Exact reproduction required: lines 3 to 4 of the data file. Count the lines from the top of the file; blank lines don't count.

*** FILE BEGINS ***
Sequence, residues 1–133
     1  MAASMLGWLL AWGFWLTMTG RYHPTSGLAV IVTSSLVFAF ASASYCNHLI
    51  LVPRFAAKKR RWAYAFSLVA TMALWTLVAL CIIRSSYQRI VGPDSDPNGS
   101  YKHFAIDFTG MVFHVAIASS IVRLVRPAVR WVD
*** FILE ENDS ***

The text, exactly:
    51  LVPRFAAKKR RWAYAFSLVA TMALWTLVAL CIIRSSYQRI VGPDSDPNGS
   101  YKHFAIDFTG MVFHVAIASS IVRLVRPAVR WVD